The two-wire technique is the least precise and is used only in cases where the connection of the thermoresistance is carried out with short and low resistivity wires; indeed testing the equivalent electrical circuit, it can be noted that the electrical resistance measured is the sum of that of the sensitive element (and, therefore, dependent on the temperature being measured) and the resistance of the conductors used for the connection.
The error introduced with this type of measurement is not constant: it depends on temperature.

2 wires connection

 

Due to the good degree of precision obtainable in measurements, the three-wire technique is the most used in the industrial field.
With this measurement technique the errors caused by the resistance of the conductors used for the connection of the thermoresistance are eliminated; at the output of the measuring bridge the voltage present depends entirely on the variation of the resistance of the resistance thermometer and consequently only on the temperature.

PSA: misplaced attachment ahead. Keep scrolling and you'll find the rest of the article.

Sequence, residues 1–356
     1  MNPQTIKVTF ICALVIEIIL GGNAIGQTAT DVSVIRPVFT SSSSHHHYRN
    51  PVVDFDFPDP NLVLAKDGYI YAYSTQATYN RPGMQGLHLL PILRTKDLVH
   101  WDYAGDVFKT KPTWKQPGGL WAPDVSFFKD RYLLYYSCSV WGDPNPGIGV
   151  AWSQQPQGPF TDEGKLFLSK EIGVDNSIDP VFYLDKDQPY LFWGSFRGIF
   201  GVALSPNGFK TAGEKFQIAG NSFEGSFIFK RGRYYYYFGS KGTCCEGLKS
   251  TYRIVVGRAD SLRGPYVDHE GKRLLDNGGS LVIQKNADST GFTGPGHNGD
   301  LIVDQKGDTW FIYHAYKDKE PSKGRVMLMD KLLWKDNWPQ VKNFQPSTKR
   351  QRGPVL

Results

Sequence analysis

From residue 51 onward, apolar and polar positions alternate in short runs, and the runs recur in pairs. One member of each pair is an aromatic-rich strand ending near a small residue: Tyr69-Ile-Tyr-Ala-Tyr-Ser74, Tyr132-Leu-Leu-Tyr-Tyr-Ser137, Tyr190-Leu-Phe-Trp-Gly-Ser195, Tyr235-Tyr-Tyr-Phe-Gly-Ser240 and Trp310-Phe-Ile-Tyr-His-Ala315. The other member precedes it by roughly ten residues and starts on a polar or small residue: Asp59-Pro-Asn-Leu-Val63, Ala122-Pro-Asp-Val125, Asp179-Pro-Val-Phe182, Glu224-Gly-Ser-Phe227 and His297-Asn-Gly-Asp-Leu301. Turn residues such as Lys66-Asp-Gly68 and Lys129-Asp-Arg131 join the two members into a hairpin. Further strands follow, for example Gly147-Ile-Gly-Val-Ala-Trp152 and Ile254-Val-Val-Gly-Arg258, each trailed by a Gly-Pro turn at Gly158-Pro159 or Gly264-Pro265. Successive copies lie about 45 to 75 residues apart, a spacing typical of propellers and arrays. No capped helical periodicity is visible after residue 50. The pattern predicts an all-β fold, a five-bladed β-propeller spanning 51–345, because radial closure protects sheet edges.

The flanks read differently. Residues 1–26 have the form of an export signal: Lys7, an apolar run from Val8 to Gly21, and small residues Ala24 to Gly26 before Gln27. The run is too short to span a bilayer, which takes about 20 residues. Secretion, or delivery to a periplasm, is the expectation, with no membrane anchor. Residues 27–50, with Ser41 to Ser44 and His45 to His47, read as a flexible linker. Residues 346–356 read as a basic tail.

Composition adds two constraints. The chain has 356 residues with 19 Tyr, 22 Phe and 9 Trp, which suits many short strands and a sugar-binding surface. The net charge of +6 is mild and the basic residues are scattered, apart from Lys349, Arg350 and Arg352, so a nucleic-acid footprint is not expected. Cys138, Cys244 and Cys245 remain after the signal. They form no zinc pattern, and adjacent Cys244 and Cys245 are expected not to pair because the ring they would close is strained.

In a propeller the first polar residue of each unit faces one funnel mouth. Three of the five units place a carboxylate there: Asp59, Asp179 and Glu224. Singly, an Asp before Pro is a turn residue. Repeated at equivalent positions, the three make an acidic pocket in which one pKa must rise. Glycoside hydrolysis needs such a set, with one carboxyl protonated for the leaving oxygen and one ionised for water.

3 wires connection

 

The volt-ammeter four-wire technique offers the greatest precision possible; little used in the industrial field, it is almost exclusively used in laboratory applications.
On an equivalent electrical circuit it can be seen that the voltage measured depends solely on the resistance of the thermoelement; the precision of the measurement depends exclusively on the stability of the measuring current and the precision of the voltage reading across the thermoelement.

 

There are two construction types of thermoresistances: with traditional insulation or mineral MgO insulation.
The following table shows the main characteristics of the two types:

 

Response speed Electrical Insulation Vibration resistance Pressure resistance
Traditional insulation Good Excellent Good Good